Archaeologists are not exactly sure, but recent research suggests that humans domesticated the big bird at least 1,500 years ago. The evidence comes from a clutch of intact eggs found in an old fortress in Oaxaca, Mexico. The researchers believe that the eggs, which date to between AD 400 and 500, were used by ancient people as some sort of ritualistic offering or sacrifice to their gods.
“Finding those eggs intact was mind-blowing,” said Gary Feinman, an archaeologist from the Field Museum in Chicago. “I’ve been excavating for decades and I have never ever found intact eggs like that in that quantity ever.”
Feinman and his colleagues uncovered several whole eggs buried together beneath two households in the Mitla Fortress in 2009. The fortress was once inhabited by the Zapotec people, a Mesoamerican civilization that was a neighbour of the Mayans, who lived there between AD 300 and 1,200. The Zapotecs were known to offer blood sacrifices, sometimes during important events such as burials, marriages and births, or for healing and agricultural rituals. Before constructing a new home, they would sometimes sacrifice a turkey hatchling, eat it and then bury its remains beneath the floors or within the walls.
“We were not surprised to find offerings per se, but we were surprised to find an offering of a cluster of turkey eggs,” said Feinman.
They found four offerings and a grave that had turkey eggs and bones. The biggest offering contained five whole eggs and about seven baby turkey skeletons beneath the floor. The researchers said that for the residents to have had both baby turkeys and turkey eggs within their houses, they must have been breeding and raising the birds nearby.
“It’s the earliest solid evidence of domesticated turkey in southern Mexico that we have to date,” Feinman said. He and his colleagues published their results in The Journal of Archaeological Science: Reports in a paper that was published online in July and will appear in print in an upcoming issue on turkey domestication.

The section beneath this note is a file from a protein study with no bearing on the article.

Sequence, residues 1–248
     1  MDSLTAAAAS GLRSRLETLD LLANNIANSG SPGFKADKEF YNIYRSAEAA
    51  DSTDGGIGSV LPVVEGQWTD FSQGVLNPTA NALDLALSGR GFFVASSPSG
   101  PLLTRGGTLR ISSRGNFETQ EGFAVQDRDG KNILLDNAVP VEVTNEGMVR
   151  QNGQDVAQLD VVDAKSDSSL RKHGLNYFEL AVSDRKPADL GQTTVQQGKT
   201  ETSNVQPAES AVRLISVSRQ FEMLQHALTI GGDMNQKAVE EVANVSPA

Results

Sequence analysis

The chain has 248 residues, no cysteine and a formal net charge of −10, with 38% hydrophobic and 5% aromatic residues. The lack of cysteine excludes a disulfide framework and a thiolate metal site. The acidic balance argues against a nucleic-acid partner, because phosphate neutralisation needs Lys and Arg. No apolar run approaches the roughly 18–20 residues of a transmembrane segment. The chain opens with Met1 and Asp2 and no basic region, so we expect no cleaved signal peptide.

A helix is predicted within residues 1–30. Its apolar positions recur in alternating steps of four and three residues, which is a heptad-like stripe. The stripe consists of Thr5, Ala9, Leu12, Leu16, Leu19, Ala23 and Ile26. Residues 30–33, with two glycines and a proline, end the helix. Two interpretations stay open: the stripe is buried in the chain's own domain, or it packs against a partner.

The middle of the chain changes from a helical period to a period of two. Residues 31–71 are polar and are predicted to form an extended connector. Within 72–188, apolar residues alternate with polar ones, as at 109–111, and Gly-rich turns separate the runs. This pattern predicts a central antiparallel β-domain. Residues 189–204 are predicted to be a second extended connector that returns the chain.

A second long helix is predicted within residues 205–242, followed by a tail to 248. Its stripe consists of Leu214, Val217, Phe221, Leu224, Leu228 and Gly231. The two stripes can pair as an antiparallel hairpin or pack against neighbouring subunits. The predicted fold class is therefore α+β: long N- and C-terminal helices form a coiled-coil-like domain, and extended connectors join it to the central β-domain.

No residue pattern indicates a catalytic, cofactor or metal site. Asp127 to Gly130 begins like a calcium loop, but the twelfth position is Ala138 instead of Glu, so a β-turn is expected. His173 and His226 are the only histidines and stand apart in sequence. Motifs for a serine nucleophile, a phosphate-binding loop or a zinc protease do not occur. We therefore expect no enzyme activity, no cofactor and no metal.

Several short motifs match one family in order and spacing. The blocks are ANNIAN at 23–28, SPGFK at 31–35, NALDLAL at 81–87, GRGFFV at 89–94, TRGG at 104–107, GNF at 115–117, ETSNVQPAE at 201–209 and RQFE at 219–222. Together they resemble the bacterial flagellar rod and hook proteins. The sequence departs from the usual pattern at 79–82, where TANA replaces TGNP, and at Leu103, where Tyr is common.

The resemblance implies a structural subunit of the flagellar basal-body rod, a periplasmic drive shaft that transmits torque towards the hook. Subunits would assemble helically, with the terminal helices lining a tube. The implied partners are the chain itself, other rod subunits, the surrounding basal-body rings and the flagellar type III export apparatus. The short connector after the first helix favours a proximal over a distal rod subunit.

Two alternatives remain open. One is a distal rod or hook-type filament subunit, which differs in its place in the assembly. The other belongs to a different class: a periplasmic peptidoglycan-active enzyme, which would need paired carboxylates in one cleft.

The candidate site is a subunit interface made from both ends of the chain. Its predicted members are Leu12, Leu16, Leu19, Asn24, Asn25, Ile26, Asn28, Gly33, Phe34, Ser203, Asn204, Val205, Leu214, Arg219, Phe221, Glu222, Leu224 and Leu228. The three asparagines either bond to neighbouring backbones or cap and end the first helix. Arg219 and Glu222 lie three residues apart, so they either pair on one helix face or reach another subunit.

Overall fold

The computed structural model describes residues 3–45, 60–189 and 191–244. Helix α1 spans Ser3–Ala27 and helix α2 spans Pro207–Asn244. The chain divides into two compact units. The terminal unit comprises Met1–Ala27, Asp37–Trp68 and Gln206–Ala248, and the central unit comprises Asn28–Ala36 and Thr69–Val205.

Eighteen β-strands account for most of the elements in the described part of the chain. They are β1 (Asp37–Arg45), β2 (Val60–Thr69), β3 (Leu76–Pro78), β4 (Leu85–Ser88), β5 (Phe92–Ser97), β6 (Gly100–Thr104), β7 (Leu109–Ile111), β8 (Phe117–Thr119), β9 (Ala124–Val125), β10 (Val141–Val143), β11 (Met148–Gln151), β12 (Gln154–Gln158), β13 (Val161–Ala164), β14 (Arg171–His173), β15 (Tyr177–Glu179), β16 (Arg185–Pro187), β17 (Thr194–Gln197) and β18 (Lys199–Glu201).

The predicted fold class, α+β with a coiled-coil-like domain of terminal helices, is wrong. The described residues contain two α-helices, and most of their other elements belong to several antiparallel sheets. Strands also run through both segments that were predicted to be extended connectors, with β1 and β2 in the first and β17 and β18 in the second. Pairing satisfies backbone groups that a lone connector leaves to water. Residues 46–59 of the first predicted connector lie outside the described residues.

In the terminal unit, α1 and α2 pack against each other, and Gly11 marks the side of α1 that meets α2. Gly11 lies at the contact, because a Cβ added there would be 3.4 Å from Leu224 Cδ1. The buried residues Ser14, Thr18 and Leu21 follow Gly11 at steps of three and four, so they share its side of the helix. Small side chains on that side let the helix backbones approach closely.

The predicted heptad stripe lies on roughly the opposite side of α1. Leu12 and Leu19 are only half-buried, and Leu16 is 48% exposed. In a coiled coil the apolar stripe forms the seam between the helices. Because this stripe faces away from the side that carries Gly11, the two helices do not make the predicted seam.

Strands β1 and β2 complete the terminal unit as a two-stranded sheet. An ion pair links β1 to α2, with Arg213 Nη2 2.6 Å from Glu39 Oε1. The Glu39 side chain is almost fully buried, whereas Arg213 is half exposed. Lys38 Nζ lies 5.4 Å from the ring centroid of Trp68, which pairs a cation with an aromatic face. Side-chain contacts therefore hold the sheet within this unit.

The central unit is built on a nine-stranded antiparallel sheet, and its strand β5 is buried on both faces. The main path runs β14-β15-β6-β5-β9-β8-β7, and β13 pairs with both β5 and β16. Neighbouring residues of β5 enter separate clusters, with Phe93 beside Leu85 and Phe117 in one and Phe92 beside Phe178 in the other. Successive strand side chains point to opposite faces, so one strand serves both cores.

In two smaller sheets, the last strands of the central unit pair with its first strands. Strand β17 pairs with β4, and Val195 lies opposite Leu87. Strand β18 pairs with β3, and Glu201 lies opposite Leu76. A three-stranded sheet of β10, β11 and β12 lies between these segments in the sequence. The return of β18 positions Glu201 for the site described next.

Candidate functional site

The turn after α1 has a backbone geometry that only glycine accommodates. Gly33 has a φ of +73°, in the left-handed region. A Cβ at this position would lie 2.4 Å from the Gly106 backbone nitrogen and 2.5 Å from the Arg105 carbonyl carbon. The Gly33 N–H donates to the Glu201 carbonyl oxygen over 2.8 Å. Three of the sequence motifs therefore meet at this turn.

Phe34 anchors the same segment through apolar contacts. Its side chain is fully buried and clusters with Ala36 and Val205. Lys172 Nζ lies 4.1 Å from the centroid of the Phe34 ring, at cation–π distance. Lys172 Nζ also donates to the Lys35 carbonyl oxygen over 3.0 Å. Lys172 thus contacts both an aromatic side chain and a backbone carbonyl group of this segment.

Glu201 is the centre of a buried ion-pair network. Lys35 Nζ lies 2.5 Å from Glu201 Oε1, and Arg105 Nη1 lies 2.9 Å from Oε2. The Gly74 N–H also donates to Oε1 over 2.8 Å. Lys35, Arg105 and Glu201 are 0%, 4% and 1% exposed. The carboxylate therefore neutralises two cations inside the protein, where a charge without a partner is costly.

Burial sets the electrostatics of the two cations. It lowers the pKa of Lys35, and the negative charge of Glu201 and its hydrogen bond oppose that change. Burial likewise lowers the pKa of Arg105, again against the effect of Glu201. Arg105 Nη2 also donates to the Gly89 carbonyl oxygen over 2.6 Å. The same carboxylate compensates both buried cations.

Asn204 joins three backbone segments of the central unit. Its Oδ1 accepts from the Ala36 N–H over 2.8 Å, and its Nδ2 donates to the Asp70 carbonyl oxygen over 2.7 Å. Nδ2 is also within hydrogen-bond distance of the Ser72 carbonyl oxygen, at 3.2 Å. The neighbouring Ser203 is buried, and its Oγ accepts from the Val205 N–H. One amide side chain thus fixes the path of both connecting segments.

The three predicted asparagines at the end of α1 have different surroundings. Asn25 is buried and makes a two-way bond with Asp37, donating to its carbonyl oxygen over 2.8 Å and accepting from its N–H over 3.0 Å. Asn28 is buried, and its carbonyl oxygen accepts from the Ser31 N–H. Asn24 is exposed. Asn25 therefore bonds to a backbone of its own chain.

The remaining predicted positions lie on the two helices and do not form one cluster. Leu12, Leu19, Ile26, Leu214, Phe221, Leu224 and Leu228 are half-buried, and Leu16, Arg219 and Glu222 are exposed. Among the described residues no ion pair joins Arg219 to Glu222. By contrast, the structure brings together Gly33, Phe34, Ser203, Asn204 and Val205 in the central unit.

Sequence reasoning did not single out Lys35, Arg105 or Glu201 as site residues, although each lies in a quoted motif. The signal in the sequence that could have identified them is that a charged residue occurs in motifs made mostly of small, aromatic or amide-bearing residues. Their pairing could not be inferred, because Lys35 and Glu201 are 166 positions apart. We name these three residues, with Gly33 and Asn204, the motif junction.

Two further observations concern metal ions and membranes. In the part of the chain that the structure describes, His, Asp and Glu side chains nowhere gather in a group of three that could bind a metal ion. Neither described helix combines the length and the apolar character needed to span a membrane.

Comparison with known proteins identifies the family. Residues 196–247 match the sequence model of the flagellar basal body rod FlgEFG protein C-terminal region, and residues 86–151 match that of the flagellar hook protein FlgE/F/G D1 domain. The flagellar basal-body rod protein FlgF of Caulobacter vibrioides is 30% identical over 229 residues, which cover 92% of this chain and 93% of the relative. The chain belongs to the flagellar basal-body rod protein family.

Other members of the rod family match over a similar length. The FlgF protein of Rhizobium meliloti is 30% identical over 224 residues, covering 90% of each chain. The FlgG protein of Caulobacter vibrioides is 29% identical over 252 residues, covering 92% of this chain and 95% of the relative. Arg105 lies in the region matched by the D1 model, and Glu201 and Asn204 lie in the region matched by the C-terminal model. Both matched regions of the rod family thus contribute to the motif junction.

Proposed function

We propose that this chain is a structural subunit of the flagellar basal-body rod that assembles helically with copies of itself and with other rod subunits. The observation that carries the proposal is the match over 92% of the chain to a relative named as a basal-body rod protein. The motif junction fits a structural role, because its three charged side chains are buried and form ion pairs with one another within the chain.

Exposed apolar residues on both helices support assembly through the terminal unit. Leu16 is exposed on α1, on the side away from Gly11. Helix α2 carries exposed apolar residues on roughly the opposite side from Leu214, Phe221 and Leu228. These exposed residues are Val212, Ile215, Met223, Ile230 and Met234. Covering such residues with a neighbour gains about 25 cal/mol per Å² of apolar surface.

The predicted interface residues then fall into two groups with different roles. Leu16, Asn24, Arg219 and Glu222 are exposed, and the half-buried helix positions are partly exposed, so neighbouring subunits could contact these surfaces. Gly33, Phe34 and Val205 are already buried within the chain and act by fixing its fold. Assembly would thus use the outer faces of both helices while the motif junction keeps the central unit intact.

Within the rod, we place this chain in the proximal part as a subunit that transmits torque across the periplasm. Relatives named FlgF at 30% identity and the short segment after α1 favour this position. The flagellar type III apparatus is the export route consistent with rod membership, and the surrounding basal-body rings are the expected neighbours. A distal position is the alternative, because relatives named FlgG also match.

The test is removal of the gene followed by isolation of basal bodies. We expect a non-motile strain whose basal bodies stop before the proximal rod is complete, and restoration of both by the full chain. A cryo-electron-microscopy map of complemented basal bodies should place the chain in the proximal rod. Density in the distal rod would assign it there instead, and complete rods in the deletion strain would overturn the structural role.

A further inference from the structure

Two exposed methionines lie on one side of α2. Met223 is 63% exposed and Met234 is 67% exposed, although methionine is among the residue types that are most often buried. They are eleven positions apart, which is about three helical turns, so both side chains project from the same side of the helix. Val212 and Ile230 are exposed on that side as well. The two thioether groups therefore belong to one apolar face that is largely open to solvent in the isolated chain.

Within the houses in Mitla Fortress, the team found several eggshells and more than 400 bones belonging to baby and adult turkeys. About a quarter of the bones were fashioned into tools or jewellery, but most appeared to have been discarded in trash pits. Turkeys weren’t the only animals that the Mitla Fortress residents domesticated. They also raised dogs to eat and sacrifice as well.
Heather A Lapham, an archaeologist at the University of North Carolina, Chapel Hill, and the lead author of the study analyzed the bones and showed they belonged to turkeys. She and the other researchers also confirmed with a scanning electron microscope that the eggs were from turkeys as well. The team is still awaiting DNA analysis of the bones to determine which of the three subspecies native to Mexico the remains belong to.
The findings are the earliest evidence of tamed turkeys in southern Mexico, moving back the oldest known signs that turkeys were being raised by people. The oldest examples in northern Mexico date to around AD 500, although most archaeological evidence in the region does not appear until AD 900, according to the authors. In the Southwest United States, some of the earliest domestic turkey evidence comes from sites that date to around AD 600.
The authors note that there was an older turkey bone found in a cave in southern Mexico that is dated to AD 180, but they argue that the evidence from that lone bone is not enough to suggest that it was domesticated instead of wild.
Joel L Cracraft, curator of the department of ornithology at the American Museum of Natural History, was not involved in the study and said the paper provided clear evidence of turkey domestication by the Zapotecs some 1,500 years ago.
“It seems that it pushes domestication back another 100 to 200 years,” he said.
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